Synopses & Reviews
One of the finest of all medieval apocalypse manuscripts, the Douce Apocalypse was part of a series of illuminated texts that brought St. Johnand#8217;s apocalyptic visions to life.and#160;
Now the manuscriptand#8212;created sometime between 1250 and 1275and#8212;reaches an entirely new audience at the hands of noted scholar Nigel Morgan. The Douce Apocalypse explores the manuscriptand#8217;s royal patronage, looks at its fascinating imagery, and examines its significance in light of contemporary prophecy. The commentary is accompanied by lush, full-color illustrations.
As Morgan relates, the Douce Apocalypse is especially enlightening because of its unfinished nature. A few of its images remain incompleteand#8212;and such absences give insight into the artistand#8217;s painstaking techniques of drawing, gilding, and painting. The second volume in the Treasures from the Bodleian Library series, The Douce Apocalypse will convey both the beauty of the original and the enduring fascination of its contents.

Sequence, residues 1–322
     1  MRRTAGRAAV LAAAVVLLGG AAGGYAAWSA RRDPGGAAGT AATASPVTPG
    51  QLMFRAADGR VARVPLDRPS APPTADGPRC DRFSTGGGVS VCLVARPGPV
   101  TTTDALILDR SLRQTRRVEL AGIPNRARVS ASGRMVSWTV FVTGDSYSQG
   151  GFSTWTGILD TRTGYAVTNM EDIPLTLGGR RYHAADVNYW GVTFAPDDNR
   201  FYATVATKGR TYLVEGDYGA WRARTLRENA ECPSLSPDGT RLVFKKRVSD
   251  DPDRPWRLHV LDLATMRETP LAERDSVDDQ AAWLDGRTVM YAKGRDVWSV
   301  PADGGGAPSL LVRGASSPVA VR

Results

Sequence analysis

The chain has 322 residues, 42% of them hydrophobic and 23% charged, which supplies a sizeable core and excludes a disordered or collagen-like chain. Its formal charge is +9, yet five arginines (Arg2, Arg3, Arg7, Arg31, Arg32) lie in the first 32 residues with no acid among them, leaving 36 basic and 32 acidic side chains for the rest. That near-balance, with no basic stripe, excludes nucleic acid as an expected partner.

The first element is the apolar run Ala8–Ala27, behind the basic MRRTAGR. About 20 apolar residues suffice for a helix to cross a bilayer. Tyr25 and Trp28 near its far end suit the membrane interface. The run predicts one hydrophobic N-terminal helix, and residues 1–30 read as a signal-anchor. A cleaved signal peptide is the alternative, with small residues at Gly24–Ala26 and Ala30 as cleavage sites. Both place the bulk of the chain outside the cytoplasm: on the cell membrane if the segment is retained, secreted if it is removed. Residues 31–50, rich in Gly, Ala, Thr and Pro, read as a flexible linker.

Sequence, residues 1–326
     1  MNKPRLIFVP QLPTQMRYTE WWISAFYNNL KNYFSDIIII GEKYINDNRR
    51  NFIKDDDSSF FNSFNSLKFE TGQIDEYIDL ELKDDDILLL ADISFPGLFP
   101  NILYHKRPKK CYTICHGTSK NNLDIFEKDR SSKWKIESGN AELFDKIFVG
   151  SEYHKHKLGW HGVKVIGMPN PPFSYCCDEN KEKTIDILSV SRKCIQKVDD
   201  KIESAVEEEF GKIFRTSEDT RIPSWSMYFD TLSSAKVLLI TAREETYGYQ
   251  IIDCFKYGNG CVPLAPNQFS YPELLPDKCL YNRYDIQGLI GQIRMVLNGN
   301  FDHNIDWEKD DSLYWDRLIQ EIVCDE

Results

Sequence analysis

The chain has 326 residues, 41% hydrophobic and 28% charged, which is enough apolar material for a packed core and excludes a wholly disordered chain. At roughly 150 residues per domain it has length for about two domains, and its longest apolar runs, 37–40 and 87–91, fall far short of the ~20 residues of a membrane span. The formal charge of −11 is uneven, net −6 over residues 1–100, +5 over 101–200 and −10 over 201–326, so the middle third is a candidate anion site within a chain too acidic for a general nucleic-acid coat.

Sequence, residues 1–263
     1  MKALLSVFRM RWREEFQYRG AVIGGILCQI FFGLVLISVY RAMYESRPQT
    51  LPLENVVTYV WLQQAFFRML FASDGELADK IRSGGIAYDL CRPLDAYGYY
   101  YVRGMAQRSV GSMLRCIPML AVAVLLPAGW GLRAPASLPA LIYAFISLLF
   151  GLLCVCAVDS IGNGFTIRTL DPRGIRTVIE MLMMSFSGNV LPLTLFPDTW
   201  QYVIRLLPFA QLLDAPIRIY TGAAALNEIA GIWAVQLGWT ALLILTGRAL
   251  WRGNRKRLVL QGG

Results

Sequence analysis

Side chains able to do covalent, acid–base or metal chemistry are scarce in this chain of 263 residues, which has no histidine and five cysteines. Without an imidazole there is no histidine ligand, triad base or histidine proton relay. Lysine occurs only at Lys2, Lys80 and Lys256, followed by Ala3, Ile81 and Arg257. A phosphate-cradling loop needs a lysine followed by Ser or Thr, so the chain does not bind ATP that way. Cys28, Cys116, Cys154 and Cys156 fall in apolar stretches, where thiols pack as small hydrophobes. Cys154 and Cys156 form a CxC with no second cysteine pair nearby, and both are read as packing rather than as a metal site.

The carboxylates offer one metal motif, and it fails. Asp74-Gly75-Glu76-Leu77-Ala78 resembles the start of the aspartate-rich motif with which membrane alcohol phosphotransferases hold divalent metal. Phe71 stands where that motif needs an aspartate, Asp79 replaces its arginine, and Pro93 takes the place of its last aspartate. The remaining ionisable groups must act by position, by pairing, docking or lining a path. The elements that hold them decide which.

"The volume is beautifully put together, a fine introduction to a Gothic masterpiece and the circumstances of its creation. Highly recommended."
About the Author
Nigel Morgan was, until his recent retirement, professor of medieval art history at the University of Oslo. He is author of the two-volume set Early Gothic Manuscripts 1190and#8211;1285 and contributing author to monographs on the Lambeth, Gulbenkian, and Trinity Apocalypses.
Table of Contents
IntroductionPatron and Date of Production
The Illustrated Apocalypse in Thirteenth-Century England
Style of the Artists
Techniques of Illumination
Brief Description of the Manuscript
The Apocalypse Pictures
List of Illustrations